I understand when religious people feel an injunction by God not to be homosexual - i.e. they believe the bible says not to, and so they may not. I once held that position myself. That is fine for a personal choice and perhaps as a constraint within one's religion; but why should anyone else be forced or pressured into abiding by the moral constraints of a religion they don't adhere to, when the violations of those moral constraints do no harm to others? Hassidic Jews may feel bound to obey Kosher laws, but it would be inappropriate for them to insist on legislation requiring it of others. I often hear Christians who fear that "Sharia Law" might be pushed into America by Islam, but I fail to see how Christians pushing the particulars of their book into our laws is any different.

I have heard many times in the past week (this is a big issue here in Utah at the moment) that those opposing homosexuality are just adhering to their morals. I would like to make a distinction here. Objecting to homosexuality, I believe, cannot be a universal moral. It is a religious conviction. I think for something to be considered a universal moral, and not merely a religious position, it has to be amenable to all faiths... and those without a faith. The bible says murder is wrong (although it acts it out more as a guideline than a rule) but I could also make a non-religious arguement as to why it is good for humanity to follow that position. On the contrary, I have yet to hear a valid argument against homosexuality that did not come back to a religious point and/or that individual's personal "ick" factor with homosexuality.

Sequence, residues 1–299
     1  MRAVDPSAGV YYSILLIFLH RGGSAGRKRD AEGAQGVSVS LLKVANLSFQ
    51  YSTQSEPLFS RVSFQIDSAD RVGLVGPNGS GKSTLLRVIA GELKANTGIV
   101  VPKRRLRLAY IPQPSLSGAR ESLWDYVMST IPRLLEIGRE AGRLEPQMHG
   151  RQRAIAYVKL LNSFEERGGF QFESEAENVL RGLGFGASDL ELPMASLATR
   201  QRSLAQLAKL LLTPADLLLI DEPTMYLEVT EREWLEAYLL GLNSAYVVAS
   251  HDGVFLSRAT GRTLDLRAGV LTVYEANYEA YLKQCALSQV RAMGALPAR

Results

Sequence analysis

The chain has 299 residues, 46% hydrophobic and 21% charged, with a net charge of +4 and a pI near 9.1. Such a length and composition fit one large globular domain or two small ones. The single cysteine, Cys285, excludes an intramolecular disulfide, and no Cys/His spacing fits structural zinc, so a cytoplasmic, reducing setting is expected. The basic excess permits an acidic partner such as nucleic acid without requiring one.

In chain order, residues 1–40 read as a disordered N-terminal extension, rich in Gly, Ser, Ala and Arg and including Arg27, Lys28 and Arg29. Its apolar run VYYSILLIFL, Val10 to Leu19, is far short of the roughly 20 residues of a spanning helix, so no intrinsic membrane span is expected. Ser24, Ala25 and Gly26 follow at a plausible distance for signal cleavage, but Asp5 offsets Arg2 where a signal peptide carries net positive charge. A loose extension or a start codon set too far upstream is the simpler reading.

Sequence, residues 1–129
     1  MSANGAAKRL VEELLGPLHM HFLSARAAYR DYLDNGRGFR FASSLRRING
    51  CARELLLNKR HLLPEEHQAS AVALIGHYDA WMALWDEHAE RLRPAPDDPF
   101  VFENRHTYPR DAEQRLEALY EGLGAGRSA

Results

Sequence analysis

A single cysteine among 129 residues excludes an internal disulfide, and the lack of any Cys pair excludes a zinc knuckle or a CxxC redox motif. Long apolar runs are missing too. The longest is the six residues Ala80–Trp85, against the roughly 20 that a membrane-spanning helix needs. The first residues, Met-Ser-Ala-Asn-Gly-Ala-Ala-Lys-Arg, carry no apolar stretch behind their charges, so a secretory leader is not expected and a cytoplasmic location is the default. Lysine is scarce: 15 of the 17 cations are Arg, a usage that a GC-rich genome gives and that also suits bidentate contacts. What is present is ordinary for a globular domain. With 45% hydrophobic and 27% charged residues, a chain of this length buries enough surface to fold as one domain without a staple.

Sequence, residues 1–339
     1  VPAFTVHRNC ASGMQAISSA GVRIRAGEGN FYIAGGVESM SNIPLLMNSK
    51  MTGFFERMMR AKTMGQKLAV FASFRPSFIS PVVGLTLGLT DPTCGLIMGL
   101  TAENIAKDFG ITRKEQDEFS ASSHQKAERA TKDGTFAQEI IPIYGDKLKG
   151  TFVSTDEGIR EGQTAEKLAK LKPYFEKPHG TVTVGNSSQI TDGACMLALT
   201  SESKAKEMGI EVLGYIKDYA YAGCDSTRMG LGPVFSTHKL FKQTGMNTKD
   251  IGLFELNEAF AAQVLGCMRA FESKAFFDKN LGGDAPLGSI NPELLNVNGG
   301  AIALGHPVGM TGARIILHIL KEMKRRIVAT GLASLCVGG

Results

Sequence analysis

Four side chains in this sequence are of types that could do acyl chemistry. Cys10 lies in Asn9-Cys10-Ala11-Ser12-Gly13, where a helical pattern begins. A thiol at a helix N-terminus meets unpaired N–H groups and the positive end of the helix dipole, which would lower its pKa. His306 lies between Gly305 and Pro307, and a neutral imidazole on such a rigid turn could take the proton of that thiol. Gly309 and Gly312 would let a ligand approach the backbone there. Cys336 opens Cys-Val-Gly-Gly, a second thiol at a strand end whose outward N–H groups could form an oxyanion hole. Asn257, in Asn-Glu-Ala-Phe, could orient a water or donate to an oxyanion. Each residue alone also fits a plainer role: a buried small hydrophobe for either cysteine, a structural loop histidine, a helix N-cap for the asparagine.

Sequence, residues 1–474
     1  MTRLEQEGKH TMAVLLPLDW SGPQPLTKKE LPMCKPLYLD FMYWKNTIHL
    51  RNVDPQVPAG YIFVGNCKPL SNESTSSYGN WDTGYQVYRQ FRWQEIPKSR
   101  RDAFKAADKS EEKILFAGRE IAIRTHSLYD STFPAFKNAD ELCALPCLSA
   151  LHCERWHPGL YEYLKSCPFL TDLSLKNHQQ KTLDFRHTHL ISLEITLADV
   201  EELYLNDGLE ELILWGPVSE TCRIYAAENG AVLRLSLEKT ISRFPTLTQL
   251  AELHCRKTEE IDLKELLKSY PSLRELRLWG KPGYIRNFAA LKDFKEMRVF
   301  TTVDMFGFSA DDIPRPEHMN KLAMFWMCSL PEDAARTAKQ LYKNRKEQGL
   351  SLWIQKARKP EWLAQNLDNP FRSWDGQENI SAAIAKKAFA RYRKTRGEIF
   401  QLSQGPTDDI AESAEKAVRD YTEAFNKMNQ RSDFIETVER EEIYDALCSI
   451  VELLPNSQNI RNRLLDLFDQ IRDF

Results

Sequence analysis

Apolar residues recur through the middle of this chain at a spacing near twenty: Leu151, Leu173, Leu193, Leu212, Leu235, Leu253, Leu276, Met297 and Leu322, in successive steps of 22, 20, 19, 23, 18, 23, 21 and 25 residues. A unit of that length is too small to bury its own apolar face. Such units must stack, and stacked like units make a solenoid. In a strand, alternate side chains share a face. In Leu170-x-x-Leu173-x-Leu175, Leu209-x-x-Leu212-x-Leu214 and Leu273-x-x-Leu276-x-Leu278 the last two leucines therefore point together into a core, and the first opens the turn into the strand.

I have no sympathy for people using religious arguments to mask their own distaste and abhorrence for homosexuality. They are no different than the folks 50 years ago who used the bible to try to justify making people of color into second class citizens.

However, I do have some sympathy for folks who feel they have no alternatives due to their interpretation of their religious texts. Fine, you can choose to remain heterosexual or deny your homosexuality as needed; but please, do not feel you can step into the space of another and dictate their life according to your desires.

Do unto others as you would have done unto you.

Monday, October 11, 2010